And yet sometimes when nobody is hurt by these cuts, they are sheer genius. For example, Davis shows a Vietnamese priest saying that the Vietnamese are fighting “only for freedom, independence, and national unity.” A Vietnamese magazine editor says “this war is a war against the American imperialist. This is our war for independence.” Davis then cuts to a scene of an American Independecne Day celebration with a historian dressed as a minuteman saying “these weren’t mythical, hazy people in the past, these were very real people. When they rose up against the most powerful army in the world, they were actually putting everything on the line that they had.”
Using all this disparate material, Davis paints a cohesive, dense, intricate, picture of American involvement in the Vietnam War. If I have a complaint, it is contained in that previous sentence. Hearts and Minds is all about American involvement in Vietnam. As a member of a generation that grew up with less exposure to Vietnam, I was left with several basic questions about the war itself.
America viewed it as a fight against communism, but how did Russia view it? To what extent was it really a war of ideology? What did the Viet Cong think, and what were they trying to accomplish? These questions aren’t answered in Hearts and Minds because Hearts and Minds is not about that. It’s only one movie, after all, and it was made at a time when great assumptions could be made about the audience’s familiarity with the details of the Vietnam War.
Hearts and Minds makes me feel like the kid who gets to eavesdrop in on the grownups’ conversation. I get to hear them talk and debate about issues that are a little over my head. I don’t know what every reference and every detail means, but I can still pick up on the arguments themselves and the passions behind those arguments.
Even if the events in the movie didn’t touch my generation personally, it shows us the reaction of our country to a war that was at best debatable. Late in 2002, as President Bush looks for ways to drag America into an endless “war” on terrorism and an invasion of another poor nation (Iraq), there are many parallels to be made. Perhaps Peter Davis should bring his cameras out of retirement.
Picture and Sound
The picture on Criterion’s DVD is surprisingly good. I assumed that, being a documentary, Hearts and Minds must have originated on 16mm film, although I could be wrong. Reprints from the movie printed in the booklet reveal lots of grain and loss of color. But on-screen, the movie, particularly the parts Davis filmed himself (as opposed to the stock footage), are pristine. The picture was transferred to video from a 35mm interpositive under Davis’ and his cinematographer Richard Pearce’s supervision. Styles of clothes and hair date the movie, but the presentation looks true to the source.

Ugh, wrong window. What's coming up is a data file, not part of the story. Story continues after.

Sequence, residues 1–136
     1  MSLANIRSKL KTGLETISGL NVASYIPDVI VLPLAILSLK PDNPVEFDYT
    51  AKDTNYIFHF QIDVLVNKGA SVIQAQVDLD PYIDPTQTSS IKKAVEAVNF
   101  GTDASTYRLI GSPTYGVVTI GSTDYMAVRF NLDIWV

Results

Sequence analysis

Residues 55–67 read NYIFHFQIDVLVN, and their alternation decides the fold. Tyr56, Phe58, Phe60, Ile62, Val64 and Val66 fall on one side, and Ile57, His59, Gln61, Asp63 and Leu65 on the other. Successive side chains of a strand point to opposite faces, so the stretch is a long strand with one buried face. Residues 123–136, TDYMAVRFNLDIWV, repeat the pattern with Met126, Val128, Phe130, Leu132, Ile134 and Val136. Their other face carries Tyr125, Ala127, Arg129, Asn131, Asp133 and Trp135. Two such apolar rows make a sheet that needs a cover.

Once again I find I am at a loss to evaluate the DVD’s sound. Hearts and Minds is encoded in Dolby Digital monaural, so only your center speaker will be used. It’s the right decision, but it’s hard to rave about a monaural track, other than to call it adequate.
There is a commentary track recorded by Peter Davis in the last year or two. Oftentimes an important figure who would be immediately recognized in 1973 is not so easy to spot in 2002, and thankfully, he offers a little more insight into who is on screen and their relevance to the politics of the time.
Davis also wanders off into stories that weren’t included in the film, and the decisions that went into shooting and editing the movie. The commentary track makes the movie itself more clear, it makes the structure of the film more apparent and less seemingly random.
The only other extra of note is the booklet of essays, and they help to put the documentary into the right context and help emphasize how the movie illustrates a larger trend.
With 200 hours of footage being edited down to 112 minutes, I wonder if some of that extra footage might have been included to make for a better package of extras.
Hearts and Minds is certainly a disc you can watch more than once. The first viewing might let you take it all in, and subsequent viewings let you focus on the details and the structure. It’s a dense enough film that you’re likely to see something new on a second viewing.
It’s a movie aimed at an older crowd than me, at a crowd who saw this film on a college campus in 1973 and now wants it for their DVD collection. As for some of us young whippersnappers, it’s an important historical document from a time before we were aware of politics.